Hi! Welcome to the Insider Advertising daily for October 23. I’m Lauren Johnson, a senior advertising reporter at Business Insider. Subscribe here to get this newsletter in your inbox every weekday. Send me feedback or tips at [email protected]
Today’s news: Quibi’s investors want their money back, Facebook’s Carolyn Everson talks about the recent advertiser boycott, and GroupM global CEO Christian Juhl makes the case for a new ad model.
A Quibi investor says the startup should have tried to ‘fight more’ but that he’ll be happy if he can get 50% of his investment back
- Ashley Rodriguez spoke with Anis Uzzaman, whose firm Pegasus Tech Ventures is an investor in Quibi, which said that it will shut down this week. He said that he wishes Quibi would have stuck it out for longer: “I would have wanted them fight more rather than giving up so quickly.”
- “This was a company where Hollywood met Silicon Valley,” Uzzaman said. “Now I realise how important it is to have startup experience.”
- Quibi has said it will return $US350 million in capital to shareholders, or about 20% of the funding it raised, but that it’s also trying to sell its content and tech in the hopes of giving back more.
‘I don’t care who takes credit’: Facebook’s head of ad sales describes lessons the company learned from the summer ad boycott
- Tanya Dua reports that Facebook’s VP of global marketing solutions Carolyn Everson said the advertiser boycott against the company made it her “most difficult summer” professionally.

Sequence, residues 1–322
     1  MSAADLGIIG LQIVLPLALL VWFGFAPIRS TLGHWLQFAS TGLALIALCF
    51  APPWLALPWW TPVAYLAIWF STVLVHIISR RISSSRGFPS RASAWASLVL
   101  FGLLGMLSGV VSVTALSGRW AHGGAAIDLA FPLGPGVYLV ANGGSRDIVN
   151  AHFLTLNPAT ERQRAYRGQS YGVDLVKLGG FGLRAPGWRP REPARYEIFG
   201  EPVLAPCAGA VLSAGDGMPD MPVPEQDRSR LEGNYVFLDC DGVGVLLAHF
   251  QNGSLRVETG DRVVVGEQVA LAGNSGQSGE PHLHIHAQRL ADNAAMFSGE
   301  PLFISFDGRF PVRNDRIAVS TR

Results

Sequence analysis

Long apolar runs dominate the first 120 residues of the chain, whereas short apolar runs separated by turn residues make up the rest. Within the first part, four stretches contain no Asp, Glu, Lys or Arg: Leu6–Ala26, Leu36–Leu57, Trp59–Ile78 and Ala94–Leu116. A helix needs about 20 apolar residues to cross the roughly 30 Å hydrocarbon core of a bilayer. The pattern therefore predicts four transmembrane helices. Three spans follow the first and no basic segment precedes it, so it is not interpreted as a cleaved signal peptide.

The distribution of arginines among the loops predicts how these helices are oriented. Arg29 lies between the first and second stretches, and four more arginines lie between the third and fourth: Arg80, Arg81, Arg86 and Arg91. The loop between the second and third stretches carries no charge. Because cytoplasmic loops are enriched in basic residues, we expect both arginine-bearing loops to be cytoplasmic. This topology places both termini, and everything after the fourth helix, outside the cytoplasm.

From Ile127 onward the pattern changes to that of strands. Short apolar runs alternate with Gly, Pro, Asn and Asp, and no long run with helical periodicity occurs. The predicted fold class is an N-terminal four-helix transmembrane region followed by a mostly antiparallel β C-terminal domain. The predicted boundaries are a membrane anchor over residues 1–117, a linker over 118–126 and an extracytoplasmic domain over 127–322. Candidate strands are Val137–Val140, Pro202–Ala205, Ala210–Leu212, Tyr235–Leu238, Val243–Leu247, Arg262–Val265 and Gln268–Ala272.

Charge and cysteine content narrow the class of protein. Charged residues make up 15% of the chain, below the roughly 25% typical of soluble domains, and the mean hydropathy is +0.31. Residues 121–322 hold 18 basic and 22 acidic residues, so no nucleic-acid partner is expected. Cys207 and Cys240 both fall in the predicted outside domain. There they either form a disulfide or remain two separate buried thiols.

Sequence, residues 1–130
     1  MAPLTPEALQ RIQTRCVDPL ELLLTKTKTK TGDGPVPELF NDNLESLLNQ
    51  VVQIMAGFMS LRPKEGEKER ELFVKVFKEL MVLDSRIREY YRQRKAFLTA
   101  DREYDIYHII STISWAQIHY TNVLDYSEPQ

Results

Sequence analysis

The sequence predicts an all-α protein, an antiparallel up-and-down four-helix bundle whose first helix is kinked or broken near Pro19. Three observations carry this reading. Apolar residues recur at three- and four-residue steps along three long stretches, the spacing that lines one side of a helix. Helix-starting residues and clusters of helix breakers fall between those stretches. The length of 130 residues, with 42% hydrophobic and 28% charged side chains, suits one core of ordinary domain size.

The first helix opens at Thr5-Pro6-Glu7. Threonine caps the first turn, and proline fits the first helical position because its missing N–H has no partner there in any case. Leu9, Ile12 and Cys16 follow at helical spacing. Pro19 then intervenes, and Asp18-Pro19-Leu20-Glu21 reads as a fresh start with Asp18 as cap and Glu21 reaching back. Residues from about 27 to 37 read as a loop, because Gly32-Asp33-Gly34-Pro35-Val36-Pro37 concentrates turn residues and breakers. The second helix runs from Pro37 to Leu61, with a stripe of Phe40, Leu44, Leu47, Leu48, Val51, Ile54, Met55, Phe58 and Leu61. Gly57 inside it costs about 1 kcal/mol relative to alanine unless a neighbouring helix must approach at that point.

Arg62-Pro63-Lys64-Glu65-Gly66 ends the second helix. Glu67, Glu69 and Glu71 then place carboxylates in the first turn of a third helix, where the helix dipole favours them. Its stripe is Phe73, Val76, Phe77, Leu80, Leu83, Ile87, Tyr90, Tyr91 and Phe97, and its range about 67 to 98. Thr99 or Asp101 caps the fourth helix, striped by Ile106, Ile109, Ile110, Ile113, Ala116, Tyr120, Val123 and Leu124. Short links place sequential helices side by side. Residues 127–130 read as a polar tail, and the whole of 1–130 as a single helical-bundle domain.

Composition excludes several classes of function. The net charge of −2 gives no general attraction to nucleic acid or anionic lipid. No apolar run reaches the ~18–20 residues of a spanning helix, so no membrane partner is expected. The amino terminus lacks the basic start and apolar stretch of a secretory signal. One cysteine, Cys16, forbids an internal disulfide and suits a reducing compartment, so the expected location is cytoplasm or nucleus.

- “Given the vast reach of 3 billion people â€¦[Facebook] was under a very critical microscope, as we should be,” Everson said while speaking at the Association of National Advertisers’ Masters of Marketing conference yesterday.
- Everson said Facebook had already been tackling hate and misinformation but that the boycott ramped up its efforts with initiatives such as the Global Alliance for Responsible Media (GARM), an industry effort to set common standards for digital safety.
The global CEO of GroupM: Brands need to put more media dollars toward making a positive social and environmental impact and less on funding hate speech
- Christian Juhl, the global CEO of ad-buying firm GroupM, writes in an opinion piece that the “brand safety” protocols that advertising agencies have set up are expensive and do little to help their image.
- He says advertisers should pivot and place a premium that focuses on media’s social and environmental impacts, which means factoring in carbon footprints, diversity, and new tools to empower other marketers.
- “We need to evolve our valuation and measurement so they place a premium not just on reach, viewability, and effectiveness, but on social and environmental impact,” he writes. “We need to be willing to pay more for clicks that help boost a stable society, not just our quarterly reports.”
More stories we’re reading:
- Jared Kushner floating launch of a new Trump-branded media outlet, GOP sources say. It’s another sign of a looming 2020 defeat. (Business Insider)
- Netflix staffers who helped design a new curriculum for emerging Black talent share their advice for getting a start in the tech industry (Business Insider)
- Shonda Rhimes said she left ABC after an exec told her she was asking for too much (Business Insider)
- This is how 16 tech companies have reacted to the QAnon conspiracy theory on their platform (Business Insider)
- Gen-Z influencers are charging the most money for sponsored Instagram content of any age group, according to a survey of 4,850 creators (Business Insider)
- YouTube is so flooded with political ads it can’t place them all (Bloomberg)
- E-commerce marketing tech firm Rokt raises $US80 million(Wall Street Journal)